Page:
300 stories later…
I’ve written 300 stories on Medium in the past 7 months. That’s a pretty freaking high number if you ask me. Very rarely there’s a day where I wake up, sit in front of the computer, and no inspiration comes to me for writing a story.
Normally when that happens, I just turn away and don’t write anything in the moment. In fact, it’s one of my tricks from one of my latest stories: don’t force it. I only write when I’m inspired. On average, I’ll write once a day.
Somehow, today is different. There are many things I could write about just from things that happened yesterday: I bought property in Montreal, I’m back in Toronto after 13 months on the road, I had a really nice chat with the founder of the Arena Virtual Coworking, I met a lawyer turned hip hop “star”, I realized I made more money by being sloppier, I learned some new awesome quotes, and more.
But I didn’t want to write about any of this. For 10 minutes, I brainstormed ideas in front of my computer.
When I started writing back in January, my sole purpose was to improve my writing skills, it certainly never was to write 300 stories in a little over half a year. I thought I’d have nothing to say to the world, even though I was living a lifestyle a lot of people are jealous of, I run a video game studio, I started an “innovative” approach to learning new skills, etc.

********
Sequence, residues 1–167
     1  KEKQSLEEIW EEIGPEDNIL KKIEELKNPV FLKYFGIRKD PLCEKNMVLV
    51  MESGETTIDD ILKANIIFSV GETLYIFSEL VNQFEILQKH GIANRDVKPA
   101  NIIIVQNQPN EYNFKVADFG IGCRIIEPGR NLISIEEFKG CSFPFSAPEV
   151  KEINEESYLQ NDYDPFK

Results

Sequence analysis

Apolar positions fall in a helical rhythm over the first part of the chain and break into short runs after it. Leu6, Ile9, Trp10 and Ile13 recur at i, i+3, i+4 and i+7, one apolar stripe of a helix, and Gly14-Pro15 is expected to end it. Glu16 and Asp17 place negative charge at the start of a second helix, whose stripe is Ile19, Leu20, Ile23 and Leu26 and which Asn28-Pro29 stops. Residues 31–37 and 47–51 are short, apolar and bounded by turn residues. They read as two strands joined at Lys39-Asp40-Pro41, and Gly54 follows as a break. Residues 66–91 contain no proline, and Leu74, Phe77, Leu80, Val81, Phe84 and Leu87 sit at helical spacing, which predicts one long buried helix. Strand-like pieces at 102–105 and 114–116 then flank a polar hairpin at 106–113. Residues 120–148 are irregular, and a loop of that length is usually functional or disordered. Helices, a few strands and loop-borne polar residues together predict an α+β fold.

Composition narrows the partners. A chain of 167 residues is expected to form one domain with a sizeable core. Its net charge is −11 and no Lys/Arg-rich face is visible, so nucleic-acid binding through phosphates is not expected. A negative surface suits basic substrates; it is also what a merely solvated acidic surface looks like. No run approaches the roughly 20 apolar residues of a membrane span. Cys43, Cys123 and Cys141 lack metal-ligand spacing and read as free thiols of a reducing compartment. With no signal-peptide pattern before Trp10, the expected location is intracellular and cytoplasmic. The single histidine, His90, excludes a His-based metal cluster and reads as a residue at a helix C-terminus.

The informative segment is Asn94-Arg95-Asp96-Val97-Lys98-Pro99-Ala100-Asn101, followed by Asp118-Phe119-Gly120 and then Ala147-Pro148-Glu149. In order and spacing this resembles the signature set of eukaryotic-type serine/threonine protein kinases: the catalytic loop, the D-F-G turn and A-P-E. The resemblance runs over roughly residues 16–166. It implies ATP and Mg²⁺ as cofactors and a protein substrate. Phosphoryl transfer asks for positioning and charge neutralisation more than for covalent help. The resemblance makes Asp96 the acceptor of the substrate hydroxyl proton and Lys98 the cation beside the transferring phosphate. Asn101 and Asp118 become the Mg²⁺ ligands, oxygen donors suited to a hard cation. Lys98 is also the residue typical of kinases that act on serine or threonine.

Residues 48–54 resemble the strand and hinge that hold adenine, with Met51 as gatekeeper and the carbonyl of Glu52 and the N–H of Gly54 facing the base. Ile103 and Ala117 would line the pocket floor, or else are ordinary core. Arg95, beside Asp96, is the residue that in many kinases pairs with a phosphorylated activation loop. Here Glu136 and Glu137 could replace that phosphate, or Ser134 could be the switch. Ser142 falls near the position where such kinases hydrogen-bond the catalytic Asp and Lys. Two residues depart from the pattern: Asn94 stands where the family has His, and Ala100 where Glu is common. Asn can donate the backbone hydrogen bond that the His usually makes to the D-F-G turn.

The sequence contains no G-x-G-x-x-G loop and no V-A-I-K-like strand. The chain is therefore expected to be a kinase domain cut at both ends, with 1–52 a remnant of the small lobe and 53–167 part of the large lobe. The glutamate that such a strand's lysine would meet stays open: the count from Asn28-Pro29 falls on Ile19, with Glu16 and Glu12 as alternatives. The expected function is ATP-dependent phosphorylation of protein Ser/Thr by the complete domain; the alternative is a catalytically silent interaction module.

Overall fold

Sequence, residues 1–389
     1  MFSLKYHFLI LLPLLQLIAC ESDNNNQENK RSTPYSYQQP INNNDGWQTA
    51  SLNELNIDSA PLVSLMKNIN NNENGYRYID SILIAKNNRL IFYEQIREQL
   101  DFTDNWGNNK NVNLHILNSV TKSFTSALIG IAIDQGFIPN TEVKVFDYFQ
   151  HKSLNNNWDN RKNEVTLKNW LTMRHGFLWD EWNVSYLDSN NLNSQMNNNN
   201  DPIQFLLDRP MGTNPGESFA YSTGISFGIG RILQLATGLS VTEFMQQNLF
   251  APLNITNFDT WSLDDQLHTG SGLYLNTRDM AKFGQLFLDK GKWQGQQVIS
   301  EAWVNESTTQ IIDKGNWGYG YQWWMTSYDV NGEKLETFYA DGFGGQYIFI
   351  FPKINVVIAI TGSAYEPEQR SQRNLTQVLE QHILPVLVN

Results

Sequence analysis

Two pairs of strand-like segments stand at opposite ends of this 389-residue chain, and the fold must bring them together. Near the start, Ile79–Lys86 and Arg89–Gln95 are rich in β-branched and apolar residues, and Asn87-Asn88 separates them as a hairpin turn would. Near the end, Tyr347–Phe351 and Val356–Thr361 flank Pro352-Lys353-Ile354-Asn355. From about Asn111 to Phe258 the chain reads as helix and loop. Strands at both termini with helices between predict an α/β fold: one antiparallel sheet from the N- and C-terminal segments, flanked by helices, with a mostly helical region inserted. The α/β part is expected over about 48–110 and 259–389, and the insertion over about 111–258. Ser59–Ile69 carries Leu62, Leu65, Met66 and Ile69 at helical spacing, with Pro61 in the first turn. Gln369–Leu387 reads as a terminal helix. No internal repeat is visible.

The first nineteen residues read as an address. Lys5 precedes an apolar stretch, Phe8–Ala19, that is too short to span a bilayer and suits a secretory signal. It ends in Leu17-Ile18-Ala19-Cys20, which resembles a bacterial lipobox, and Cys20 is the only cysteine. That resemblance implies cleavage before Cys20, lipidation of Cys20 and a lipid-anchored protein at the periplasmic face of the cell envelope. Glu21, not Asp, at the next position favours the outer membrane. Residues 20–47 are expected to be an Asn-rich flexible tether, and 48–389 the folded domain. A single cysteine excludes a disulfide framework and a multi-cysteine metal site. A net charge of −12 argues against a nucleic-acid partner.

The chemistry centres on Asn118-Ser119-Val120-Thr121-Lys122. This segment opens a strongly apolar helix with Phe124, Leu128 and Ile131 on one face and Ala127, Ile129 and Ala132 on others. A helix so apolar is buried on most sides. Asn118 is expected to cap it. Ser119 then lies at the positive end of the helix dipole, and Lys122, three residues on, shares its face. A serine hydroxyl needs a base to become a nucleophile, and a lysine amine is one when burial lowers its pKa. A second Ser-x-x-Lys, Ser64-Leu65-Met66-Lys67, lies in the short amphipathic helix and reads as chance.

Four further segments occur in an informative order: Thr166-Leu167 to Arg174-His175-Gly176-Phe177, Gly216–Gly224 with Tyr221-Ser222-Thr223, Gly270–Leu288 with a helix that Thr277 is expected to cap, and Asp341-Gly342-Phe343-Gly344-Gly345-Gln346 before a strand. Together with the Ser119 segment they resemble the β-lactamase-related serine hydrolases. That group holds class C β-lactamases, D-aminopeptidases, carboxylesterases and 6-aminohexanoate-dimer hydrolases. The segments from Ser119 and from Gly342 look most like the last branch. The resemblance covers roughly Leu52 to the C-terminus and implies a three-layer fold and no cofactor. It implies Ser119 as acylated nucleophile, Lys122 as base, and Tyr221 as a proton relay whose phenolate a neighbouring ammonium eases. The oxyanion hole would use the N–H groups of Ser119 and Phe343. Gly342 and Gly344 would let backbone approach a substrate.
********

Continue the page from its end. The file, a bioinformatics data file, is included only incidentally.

Today, for story #301, I wanted to write something special. None of the above are out of the ordinary:
- Other people buy property (though probably not as quickly as I do…);
- Other people live a nomadic lifestyle;
- Other people chat with other interesting people;
- Other people meet other people who dramatically change careers;
- Other people are making money by being sloppy; and
- Other people read quotes and learn lessons from them.
None of that stuff was original enough in my mind. I stayed there, staring at my monitor…
A little while back, I wrote a piece about how authenticity makes a story original. Everyone writes about the same shit. I had that sad realization a few months back, which actually made me want to stop writing. Most of the stuff I had written and have written since that realization was not original.
You can easily find the same advice I give reading people like Nicolas Cole, Darius Foroux, Christopher D. Connors, Zdravko Cvijetic, Tim Rettig, Aytekin Tank, Tom Kuegler, Aleesha Lauray, Benjamin P. Hardy, Zat Rana, Tim Denning, Elle Kaplan, Dave Schools, and more.
And it’s not that I copy them. To be honest, I don’t even take the time to read them anymore. But we all read the same books, experiment and come to similar conclusions. And there are others who just read from these guys above and simply rehash their stories with a not-as-good headline.
Every time I find myself writing something that’s not authentic, I don’t publish. I couldn’t find true authenticity from my brainstorm this morning. Staring at my monitor, I still hadn’t written a single word.
My coffee was already empty and had not written a single word.
Then I told myself: “Screw it, why don’t I just write about that!”. Truth is, that’s not original either. Writing on writer’s block is probably even more common than any of the topics I was brainstorming.